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Monday, May 29, 2017
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  • EVANSVILLE – Each year the Indiana legislature prides itself on reducing the size and scope of government, yet each session, including this one, that same legislature grabs more power from the hands of local municipalities. The message from Indianapolis is clear: The Statehouse knows best and mayors and town councils can’t be trusted to do what’s in their communities’ best interests. It is time we fundamentally change our approach. Indiana’s Home Rule Act first passed in 1980 and generally grants municipalities the power to govern themselves as they see fit. The idea, modeled off the national principle of federalism, gives more choice, options, flexibility, and freedom to local leaders. Now those ideals are under greater attack than at any time since Hoosier home rule began. In recent years the Indiana legislature handcuffed municipalities from setting a local minimum wage or from regulating housing, agricultural operations, worker schedules, or plastic bags. A move to preempt local rules for services like Airbnb failed to get out of the Indiana House, but it was a rare setback for the never-ending march to scale back home rule. This year legislators successfully banned local zoning rules for certain utility poles and undermined so-called “good neighbor ordinances.”
        
  • EVANSVILLE – I remember the moment when Mike Pence’s challenge crystallized for me. In 2012, as he campaigned to succeed Mitch Daniels as governor, Pence traveled the state setting up listening sessions with small business owners, and his campaign team asked me to set one up in Evansville. He opened the discussion with an admission that Daniels already addressed most of the low-hanging fruit to improve Indiana’s business environment, but he asked what he could do to further improve state government. As folks around the table offered comments, everyone had plenty of constructive (and harsh) criticism for the national government, but they each struggled to identify concerns with Indiana. In short, thanks to the preceding eight years of Mitch Daniels’ leadership, Indiana was working well – really well, in fact – and Pence would have to work hard to get out from beneath his shadow. Pence’s place in history as governor, literally and figuratively, will forever be viewed next to Mitch Daniels.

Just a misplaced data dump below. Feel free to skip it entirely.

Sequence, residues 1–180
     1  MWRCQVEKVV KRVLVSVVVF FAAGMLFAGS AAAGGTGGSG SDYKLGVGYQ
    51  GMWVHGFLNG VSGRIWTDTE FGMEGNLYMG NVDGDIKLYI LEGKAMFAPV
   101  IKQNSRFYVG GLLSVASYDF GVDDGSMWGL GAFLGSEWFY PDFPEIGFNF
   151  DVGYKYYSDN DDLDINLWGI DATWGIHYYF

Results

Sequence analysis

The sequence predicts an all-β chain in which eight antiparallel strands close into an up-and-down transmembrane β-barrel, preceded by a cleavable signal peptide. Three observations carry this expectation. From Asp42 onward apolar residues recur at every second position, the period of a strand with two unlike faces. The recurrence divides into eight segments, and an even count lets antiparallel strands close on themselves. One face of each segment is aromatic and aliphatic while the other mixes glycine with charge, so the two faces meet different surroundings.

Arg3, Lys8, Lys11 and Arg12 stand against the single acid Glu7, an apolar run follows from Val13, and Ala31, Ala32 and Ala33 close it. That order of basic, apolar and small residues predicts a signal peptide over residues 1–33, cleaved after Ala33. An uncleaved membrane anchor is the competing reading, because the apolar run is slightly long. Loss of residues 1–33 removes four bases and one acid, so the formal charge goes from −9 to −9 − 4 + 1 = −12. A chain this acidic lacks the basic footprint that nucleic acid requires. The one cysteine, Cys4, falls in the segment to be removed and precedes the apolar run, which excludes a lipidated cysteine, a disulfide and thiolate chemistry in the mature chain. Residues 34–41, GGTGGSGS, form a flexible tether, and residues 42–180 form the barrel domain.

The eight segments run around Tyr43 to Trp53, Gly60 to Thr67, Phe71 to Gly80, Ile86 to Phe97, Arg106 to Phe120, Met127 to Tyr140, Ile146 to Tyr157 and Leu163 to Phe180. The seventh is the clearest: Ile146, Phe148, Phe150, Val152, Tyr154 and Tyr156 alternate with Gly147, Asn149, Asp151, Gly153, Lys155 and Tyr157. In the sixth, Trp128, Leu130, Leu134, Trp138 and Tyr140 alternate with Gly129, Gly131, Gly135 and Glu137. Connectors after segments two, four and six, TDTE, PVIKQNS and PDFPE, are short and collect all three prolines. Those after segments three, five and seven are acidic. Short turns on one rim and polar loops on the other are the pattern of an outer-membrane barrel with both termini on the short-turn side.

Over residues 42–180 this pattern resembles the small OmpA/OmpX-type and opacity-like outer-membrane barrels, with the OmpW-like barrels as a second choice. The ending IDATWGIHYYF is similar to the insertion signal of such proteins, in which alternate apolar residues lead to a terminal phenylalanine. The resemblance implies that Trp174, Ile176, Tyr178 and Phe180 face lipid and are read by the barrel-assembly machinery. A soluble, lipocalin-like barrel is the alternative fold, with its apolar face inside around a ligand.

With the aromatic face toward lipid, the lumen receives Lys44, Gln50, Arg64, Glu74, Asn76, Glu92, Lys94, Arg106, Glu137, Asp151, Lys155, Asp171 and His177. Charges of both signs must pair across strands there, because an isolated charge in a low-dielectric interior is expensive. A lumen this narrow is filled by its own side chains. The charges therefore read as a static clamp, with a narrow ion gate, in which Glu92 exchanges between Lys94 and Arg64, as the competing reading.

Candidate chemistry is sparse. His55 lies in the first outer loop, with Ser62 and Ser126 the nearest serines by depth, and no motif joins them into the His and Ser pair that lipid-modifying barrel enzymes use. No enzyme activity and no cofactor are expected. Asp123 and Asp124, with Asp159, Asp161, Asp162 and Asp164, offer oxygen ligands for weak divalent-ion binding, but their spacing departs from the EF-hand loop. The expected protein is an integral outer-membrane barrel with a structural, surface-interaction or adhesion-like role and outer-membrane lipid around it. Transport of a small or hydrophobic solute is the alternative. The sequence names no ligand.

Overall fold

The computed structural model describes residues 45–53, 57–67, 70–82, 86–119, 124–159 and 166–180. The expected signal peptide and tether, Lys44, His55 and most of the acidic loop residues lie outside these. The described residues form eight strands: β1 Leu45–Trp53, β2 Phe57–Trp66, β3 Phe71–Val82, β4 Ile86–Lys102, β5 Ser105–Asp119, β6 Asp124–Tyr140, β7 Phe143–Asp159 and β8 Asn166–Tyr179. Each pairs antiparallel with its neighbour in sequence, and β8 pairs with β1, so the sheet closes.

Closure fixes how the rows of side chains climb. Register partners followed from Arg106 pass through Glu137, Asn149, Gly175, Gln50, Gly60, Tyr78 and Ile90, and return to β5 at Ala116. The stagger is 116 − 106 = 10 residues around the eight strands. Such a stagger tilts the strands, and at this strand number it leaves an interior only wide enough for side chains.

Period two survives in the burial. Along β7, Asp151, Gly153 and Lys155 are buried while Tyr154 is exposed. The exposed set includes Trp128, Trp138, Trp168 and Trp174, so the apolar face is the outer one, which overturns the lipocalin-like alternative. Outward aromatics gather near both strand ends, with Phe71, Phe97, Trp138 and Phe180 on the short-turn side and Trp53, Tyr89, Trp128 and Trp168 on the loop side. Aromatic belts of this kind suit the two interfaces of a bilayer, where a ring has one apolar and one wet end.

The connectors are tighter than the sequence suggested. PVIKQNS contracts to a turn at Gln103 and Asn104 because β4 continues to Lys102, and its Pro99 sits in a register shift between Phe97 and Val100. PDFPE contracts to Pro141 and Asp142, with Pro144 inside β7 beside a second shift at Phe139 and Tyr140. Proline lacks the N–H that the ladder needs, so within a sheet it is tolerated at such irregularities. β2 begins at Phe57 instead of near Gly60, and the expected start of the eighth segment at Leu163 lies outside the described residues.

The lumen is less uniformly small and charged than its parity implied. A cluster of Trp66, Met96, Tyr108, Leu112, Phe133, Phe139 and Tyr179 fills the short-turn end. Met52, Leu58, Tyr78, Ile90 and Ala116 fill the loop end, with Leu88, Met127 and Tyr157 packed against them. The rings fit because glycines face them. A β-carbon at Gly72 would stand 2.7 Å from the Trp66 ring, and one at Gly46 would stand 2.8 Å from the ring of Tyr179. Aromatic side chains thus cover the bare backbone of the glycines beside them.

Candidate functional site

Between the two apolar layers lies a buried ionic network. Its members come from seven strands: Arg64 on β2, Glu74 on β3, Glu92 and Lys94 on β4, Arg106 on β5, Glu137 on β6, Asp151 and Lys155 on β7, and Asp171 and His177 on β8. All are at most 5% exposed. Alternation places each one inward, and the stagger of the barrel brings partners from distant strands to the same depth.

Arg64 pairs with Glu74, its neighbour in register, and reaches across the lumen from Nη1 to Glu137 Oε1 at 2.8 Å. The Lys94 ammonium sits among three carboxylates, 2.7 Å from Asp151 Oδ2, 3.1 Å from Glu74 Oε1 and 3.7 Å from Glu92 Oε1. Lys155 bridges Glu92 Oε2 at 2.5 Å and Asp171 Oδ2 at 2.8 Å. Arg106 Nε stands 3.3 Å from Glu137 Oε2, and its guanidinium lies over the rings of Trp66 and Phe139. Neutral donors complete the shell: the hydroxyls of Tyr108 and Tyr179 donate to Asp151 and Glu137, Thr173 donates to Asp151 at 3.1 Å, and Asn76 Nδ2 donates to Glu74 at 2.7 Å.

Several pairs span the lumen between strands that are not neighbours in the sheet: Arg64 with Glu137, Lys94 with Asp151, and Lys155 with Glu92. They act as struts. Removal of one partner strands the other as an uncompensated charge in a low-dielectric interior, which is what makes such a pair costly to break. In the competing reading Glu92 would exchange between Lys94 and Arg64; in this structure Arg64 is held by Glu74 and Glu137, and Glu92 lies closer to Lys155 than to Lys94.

• EVANSVILLE – We have reached a great fork in the road in the history of the Republican Party. The party’s bombastic leader and president has a passionate grip on many voters, giving them control of all branches of government. The coattails of success extend beyond Washington and in Indiana helped keep Republican control of every office and body of state government as well as an overwhelming majority of the state’s municipalities. Faced with such success, many of our Republican friends decided to strike a deal with the devil and urge loyalty and unity with Trump. In their minds, a little immaturity on Twitter is a fair price to pay to finally rein in Democratic policies and get things done. Besides, they say, Donald Trump the candidate or Donald Trump the showman is different from the sane man who will actually govern. Nearly two weeks into the Trump presidency, we now know they are wrong. The unprecedented beginning for the administration included purposefully picked battles with the intelligence community, immigrants, and foreign allies; illegal executive orders; elevation of political advisers over military and foreign policy experts; gaslighting and lies; and a general chaotic and bumbling approach to executive organization. This presidency is everything we feared and it will only get much worse.